In the struggle between the victors and victims, the story of Jesus and the resurrection can be a source of hope to the downtrodden, and a call to everyone to see whom God chooses in that struggle…. For all Christians one distinctive thing for us is this Easter story, the story of a moment when the oppressive world seemed to have won, but when God somehow turned this routine experience of defeat inside out. But what is it about this story that fuels the flame of Christian hope, Christian indignation at the unfairness of things? And how can it empower us today?
If there is one thing which seems to unite the vast majority of people in this country, and which I am definitely ill-equipped to comment on, it is football.
Yet when I was in Liverpool for work last week, it was impossible not to be immersed in football, or rather the scandal of the Hillsborough disaster, at last laid bare .Here we had a tragedy which claimed 96 lives, in 1989, yet the full might of the State was brought to bear in covering up the appalling lack of care for the victims, nearly half of whom, we now know could have survived. In the struggle between victor and victims it seemed as if the full story would never be disclosed. It took one mother, to push for disclosure and to lead others in that community to join her. They were opposed by the judiciary for more than twenty years, including three attorney generals and the European Court of Human Rights; eventually the government agreed to disclose documents and it took an independent panel, chaired by the Bishop of Liverpool, to review those documents and then to persuade the government to order fresh inquests.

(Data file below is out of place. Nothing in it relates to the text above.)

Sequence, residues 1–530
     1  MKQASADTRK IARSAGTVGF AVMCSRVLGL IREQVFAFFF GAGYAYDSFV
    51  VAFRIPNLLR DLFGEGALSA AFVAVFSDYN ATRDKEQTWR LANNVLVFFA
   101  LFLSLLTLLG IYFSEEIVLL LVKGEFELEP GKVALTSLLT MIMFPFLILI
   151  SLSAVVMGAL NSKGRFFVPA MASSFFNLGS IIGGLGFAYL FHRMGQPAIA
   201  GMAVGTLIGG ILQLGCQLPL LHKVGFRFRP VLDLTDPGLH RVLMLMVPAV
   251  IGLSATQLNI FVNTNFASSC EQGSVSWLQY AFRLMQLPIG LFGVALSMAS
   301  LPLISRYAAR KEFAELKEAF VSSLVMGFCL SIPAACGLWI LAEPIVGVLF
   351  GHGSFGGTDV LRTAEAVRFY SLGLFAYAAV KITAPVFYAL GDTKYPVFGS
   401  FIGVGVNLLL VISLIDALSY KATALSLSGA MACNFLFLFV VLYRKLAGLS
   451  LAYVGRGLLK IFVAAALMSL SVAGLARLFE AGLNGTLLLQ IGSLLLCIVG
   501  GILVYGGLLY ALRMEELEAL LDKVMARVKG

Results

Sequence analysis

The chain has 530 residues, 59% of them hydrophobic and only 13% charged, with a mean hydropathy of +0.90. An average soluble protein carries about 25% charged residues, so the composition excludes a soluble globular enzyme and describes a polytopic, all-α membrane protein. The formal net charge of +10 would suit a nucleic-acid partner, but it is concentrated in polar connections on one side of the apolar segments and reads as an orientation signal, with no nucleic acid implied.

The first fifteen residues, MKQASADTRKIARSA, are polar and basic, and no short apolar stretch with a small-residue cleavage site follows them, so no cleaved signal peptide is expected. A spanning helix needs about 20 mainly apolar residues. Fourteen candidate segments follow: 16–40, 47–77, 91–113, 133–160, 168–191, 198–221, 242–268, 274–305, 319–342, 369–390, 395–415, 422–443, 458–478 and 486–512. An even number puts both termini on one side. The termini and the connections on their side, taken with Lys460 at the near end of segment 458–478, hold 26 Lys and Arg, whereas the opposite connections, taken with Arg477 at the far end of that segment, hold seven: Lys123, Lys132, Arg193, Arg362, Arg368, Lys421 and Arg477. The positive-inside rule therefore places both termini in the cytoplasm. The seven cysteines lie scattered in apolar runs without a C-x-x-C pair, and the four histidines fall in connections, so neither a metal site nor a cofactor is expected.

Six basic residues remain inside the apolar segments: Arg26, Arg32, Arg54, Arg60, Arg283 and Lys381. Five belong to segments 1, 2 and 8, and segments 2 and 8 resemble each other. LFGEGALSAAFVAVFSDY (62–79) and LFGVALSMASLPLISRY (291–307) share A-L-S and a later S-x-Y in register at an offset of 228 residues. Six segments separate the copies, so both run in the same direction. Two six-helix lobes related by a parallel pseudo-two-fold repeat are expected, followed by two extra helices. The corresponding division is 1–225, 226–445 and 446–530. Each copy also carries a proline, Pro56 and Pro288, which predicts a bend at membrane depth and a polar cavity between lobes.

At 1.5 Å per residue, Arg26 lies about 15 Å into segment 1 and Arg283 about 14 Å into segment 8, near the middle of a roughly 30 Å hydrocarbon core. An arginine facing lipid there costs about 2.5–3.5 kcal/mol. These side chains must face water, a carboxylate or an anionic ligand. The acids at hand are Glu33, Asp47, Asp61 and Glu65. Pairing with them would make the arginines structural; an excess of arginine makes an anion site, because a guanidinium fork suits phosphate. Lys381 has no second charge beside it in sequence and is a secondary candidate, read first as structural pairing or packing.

That brave mother, Anne Williams, died on Thursday from terminal cancer, 24 years after her struggle with the legal establishment of the land started and three days after the 24th anniversary of that event last Monday. She was an unlikely victor, and her death marked not the end, but the start of a new chapter for the families of Hillsborough victims, and for Liverpool, as others feel vindicated and affirmed, and can anticipate justice when the new inquests begin shortly. And our sometimes marginalized church played its full part; the independent panel was chaired by a Bishop; that was the person in whom others trusted, and he, Bishop John James would have been fulfilling the natural obligation of all of us of faith, to do justly, and walk humbly and allow God’s purposes to shine through.